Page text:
Before television and the internet, Serbian traditional music, also known as “narodna muzika,” was the major form of entertainment for the people of this landlocked Balkan nation. Dating back to the medieval period, Serbian traditional music is a unique blend of various styles and influences, including Ottoman, Slavic, and Hungarian, among others. So, let’s take some time out of our busy schedules to explore the fascinating world of Serbian folk music, its origins, its heritage, and its evolution over time.
Origins Of Serbian Traditional Music
The origins of Serbian traditional folk music can be traced back to the medieval days of yore when the Serbian Empire was at its height. During this time, music played an essential role in the cultural and social life of the empire. The royal court had its own musicians, who played a variety of instruments, including lutes, harps, trumpets, drums, and flutes. The church also played a significant role in the development of Serbian music, with hymns and chants being an integral part of religious ceremonies.
Over time, Serbian music evolved, incorporating various influences from neighboring countries and their cultures. The Ottoman Empire, which ruled over Serbia for centuries, had a profound impact on the country’s music and culture. Turkish music, with its unique rhythms and instruments, was introduced to Serbia, and many traditional Serbian songs were influenced by Ottoman music. More recently, traditional folk music has incorporated Western musical influences.
The Evolution Of Traditional Serbian Music
This Serbian folk music tradition dates back to Pagan times. When there has not been enough rain, a group of girls will put on costumes decorated with flowers and leaves before taking to the streets of the village for some singing and dancing. Members of each household will greet the girls by sprinkling water on them. The idea is that this will bring much-needed rainfall to the people of the village.
Loosely translated as Old Town Music, “Starogradska muzika” was developed in Serbia’s old cities, such as Novi Sad, Nis, and Belgrade. The music deals with lyrical themes such as love, longing, heartbreak, and melancholy.
The instruments traditionally used to express these deep emotions include the Bouzouki, a type of lute more often associated with Greek music, the Zurn, a wind instrument played throughout the Balkans and across central Eurasia, the Duval, which is a type of flute, and the Gaida which is a type of bagpipe. The guitar, mandolin, and accordion are also commonly used by musicians keeping the Old Town Music tradition alive throughout Serbia. In the rural areas of the country, this type of Serbian folk music is known as “izvorna muzika.”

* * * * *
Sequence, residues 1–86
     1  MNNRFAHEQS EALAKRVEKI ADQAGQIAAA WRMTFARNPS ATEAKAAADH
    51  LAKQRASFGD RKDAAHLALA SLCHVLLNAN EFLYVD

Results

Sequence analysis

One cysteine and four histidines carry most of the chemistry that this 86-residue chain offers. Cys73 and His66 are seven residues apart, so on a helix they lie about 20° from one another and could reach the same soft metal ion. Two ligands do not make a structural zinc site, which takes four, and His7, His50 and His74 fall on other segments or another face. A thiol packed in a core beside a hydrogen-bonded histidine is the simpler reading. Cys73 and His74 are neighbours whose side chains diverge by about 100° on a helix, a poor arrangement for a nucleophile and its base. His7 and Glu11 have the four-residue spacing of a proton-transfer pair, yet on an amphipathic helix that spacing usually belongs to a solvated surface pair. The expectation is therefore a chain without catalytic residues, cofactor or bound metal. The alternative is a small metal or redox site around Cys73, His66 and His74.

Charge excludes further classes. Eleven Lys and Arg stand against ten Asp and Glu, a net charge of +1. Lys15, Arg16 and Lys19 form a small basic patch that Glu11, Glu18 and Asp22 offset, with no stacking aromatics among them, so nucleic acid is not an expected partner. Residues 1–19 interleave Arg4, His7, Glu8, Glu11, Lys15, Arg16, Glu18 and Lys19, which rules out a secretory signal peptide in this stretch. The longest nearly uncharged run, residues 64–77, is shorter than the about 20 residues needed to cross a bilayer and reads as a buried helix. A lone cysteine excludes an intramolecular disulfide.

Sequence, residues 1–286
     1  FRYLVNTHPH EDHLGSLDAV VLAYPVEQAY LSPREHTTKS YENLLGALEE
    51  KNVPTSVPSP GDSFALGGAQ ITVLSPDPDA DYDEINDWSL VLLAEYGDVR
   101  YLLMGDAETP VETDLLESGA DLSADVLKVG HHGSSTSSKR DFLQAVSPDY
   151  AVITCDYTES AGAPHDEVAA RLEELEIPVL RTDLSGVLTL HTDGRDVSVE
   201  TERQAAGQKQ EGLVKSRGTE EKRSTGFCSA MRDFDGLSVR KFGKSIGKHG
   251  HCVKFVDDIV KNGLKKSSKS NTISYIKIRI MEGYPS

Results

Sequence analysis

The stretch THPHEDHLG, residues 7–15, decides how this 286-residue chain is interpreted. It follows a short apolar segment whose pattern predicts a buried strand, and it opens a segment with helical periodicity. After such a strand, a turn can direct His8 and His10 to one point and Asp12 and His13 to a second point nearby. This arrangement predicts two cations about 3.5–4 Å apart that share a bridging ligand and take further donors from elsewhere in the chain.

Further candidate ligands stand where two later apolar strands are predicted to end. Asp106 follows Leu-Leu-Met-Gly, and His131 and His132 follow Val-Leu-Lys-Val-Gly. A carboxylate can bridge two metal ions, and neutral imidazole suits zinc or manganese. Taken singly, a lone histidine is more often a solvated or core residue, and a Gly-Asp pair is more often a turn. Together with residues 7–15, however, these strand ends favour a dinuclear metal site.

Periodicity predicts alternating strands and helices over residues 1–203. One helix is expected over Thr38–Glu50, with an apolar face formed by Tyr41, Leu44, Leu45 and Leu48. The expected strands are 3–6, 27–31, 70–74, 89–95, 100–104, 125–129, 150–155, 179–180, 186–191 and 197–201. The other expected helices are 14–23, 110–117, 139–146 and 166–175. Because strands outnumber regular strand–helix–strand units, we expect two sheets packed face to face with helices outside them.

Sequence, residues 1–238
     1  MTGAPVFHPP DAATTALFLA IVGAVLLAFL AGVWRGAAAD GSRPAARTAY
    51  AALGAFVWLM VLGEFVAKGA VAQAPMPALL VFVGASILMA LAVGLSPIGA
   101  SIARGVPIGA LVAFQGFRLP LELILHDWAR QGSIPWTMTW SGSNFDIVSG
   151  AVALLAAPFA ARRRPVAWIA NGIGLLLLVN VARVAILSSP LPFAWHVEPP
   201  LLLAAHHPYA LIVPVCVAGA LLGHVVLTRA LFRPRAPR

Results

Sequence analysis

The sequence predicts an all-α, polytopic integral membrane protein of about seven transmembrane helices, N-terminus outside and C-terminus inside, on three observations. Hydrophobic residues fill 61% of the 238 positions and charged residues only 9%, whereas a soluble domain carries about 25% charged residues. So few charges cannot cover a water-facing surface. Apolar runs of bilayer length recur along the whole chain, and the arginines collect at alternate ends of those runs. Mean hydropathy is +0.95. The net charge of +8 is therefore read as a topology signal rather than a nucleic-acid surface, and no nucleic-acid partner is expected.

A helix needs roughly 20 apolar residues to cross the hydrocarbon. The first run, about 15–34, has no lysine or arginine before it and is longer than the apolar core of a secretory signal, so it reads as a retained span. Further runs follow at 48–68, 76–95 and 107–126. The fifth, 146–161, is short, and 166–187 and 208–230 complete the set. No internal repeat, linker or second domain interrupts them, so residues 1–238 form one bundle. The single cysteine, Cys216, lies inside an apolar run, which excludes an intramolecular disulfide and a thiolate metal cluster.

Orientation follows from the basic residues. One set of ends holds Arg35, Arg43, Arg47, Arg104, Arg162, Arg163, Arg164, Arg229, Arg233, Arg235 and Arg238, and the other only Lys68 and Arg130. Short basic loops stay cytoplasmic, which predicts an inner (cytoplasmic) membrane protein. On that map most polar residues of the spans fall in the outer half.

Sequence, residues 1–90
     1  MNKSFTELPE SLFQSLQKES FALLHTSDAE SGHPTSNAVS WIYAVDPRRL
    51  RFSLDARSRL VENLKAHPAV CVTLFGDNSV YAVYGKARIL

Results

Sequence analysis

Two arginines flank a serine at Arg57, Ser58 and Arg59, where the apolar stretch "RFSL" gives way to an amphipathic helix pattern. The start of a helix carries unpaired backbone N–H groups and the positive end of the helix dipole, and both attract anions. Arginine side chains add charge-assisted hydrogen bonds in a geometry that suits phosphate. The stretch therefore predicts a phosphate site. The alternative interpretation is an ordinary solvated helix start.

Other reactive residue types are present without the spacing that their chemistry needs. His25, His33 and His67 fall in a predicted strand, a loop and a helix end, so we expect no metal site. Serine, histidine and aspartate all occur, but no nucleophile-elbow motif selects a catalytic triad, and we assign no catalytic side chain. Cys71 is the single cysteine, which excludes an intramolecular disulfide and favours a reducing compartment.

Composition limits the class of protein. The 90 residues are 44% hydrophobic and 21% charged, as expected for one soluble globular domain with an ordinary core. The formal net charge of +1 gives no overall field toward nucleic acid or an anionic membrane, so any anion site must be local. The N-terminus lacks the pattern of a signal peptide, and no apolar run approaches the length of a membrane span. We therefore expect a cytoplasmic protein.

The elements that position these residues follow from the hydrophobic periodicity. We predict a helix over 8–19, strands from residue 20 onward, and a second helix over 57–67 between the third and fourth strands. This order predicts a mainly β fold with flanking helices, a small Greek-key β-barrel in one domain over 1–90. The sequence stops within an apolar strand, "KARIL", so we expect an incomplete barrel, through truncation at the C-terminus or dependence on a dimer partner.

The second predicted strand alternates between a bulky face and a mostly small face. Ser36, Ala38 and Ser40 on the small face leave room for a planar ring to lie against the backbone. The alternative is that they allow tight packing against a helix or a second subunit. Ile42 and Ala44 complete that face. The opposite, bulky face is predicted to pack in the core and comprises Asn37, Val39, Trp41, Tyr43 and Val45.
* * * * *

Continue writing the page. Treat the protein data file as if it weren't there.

Another popular style of traditional Serbian music is “sevdalinka,” a slow and melancholic style that originated in Bosnia and Herzegovina. Sevdalinka songs typically deal with themes of love and loss and are characterized by their emotional intensity. The music is often played on the “sevdah” instrument, a type of lute that is unique to the Balkans. In common with most Serbian folk music styles is the two-beat dance known as “kolo.”
During the 19th century, traditional Serbian music continued to evolve, with new styles emerging. One of the most popular styles during this period was “kolo,” a lively and upbeat dance that is still popular in Serbia today. Kolo is typically performed by groups of people who hold hands and dance in a circle to the music. The music is usually played by a band of musicians who use a variety of instruments, including the accordion, tamburitza, and violin.
Ganga is a type of traditional Serbian music that originated in the region of Sandzak. It is characterized by its strong vocals and is often sung in groups. This style of music is typically accompanied by the gusle, a type of one-stringed instrument that is unique to Serbia.
In the 20th century, traditional Serbian music continued to evolve, with new styles and influences emerging. One of the most significant developments was the emergence of “turbo-folk,” a blend of traditional Serbian music and modern pop music, and rock music. Turbo-folk songs were popularized in the 1990s and are characterized by their high-energy beats and catchy melodies. Although controversial, turbo-folk remains popular in Serbia today and is played at many weddings and other social events.
Serbian Music Vocabulary
Today, Serbian traditional music can be heard being performed throughout the country. If you are thinking of traveling in Serbia, then it is well worth checking the local listings for a Serbian folk music festival, concert, or venue near where you are staying. And remember the old Serbian saying: “He who sings thinks no evil.”
And to enhance your experience in the country, be sure to use these Serbian words with native speakers.
|Folk music||Народна музика||Narodna muzika|
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